The City of Los Angeles entity that operates city airports had 5.9 percent more assets in June 2005 than a year earlier, an audited financial report indicated.

Los Angeles World Airports (LAWA) — the city agency that operates Los Angeles International Airport (LAX) and three other city airports — released audited financial results for fiscal year 2004-2005, which ended June 30th, 2005.

Total net LAWA assets were approximately $2.5 billion as of June 30th, an increase of $138.9 million, or 5.9 percent over June 30th, 2004.

Net assets — the amount of LAWA total assets, including buildings, land equipment, cash investments and receivables that exceed LAWA liabilities — serve as the key indicator of LAWA’s strong financial position, airport officials said.

“Our net assets of $2.5 billion are the truest indicator of our financial strength,” LAWA executive director Lydia Kennard said. “This kind of performance shows we can run our business in financially difficult times in a prudent manner which benefits all of our stakeholders.”

In fiscal year 2005, the total number of passengers at LAWA airports increased by about 5.4 percent to 63.8 million.

Airport officials said the increased passenger volumes positively impacted the LAWA financial performance.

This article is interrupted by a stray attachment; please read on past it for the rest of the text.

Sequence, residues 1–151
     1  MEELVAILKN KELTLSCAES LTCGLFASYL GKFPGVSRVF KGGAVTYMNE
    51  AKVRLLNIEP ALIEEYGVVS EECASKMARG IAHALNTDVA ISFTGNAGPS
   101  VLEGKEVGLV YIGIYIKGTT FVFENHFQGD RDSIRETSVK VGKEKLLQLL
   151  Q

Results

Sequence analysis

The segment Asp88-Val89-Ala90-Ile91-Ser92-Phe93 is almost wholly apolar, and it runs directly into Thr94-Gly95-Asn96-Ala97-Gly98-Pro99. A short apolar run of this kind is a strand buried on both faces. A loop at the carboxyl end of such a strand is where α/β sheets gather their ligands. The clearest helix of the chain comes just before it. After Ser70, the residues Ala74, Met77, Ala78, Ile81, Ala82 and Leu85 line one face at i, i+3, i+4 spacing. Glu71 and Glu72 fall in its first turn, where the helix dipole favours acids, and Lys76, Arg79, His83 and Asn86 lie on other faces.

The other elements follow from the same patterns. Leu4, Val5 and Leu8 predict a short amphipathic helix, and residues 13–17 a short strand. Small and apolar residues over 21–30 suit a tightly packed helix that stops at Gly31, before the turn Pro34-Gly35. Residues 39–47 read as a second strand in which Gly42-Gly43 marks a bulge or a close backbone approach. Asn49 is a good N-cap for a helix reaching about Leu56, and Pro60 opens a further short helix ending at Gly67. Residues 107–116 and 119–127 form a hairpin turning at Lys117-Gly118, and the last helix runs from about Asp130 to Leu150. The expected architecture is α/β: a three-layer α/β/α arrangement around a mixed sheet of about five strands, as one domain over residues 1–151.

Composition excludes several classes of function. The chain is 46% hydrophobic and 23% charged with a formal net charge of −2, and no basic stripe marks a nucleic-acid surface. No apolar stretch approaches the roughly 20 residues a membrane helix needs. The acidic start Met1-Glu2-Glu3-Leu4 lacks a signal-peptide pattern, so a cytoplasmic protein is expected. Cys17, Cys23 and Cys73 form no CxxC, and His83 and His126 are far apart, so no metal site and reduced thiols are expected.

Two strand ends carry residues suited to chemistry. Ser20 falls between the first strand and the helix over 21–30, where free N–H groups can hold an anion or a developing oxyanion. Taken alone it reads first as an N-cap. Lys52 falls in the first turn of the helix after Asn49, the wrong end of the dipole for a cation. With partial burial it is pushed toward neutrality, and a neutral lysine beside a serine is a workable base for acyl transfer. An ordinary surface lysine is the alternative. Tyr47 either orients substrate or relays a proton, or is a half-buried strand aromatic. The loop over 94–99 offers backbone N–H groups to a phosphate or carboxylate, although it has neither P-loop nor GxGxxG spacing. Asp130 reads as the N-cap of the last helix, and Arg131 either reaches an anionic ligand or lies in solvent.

Operating revenues increased by more than five percent over fiscal year 2004 to $574 million, fueled by increases in concessions revenues, airport officials said.

Retail spending increased in virtually every category, particularly duty-free sales, which had a 58.2 percent increase, and vehicle parking, which had a 12.1 percent increase.

Revenues from rental cars, luggage carts and food and beverage establishments also increased.

Operating expenses grew 8.5 percent to $499 million, largely due to increases in personnel and contractual services costs, airport officials said.

Salaries also grew as a result of a 7.3 percent increase in the amount of full-time equivalent staff, and contributions to employee retirement and health subsidiary plans increased as well, airport officials said.

“I am pleased that Los Angeles World Airports has been able to grow total net assets in the face of significantly higher security costs and airline industry financial difficulties,” said Alan Rothenberg, president of the city Board of Airport Commissioners.

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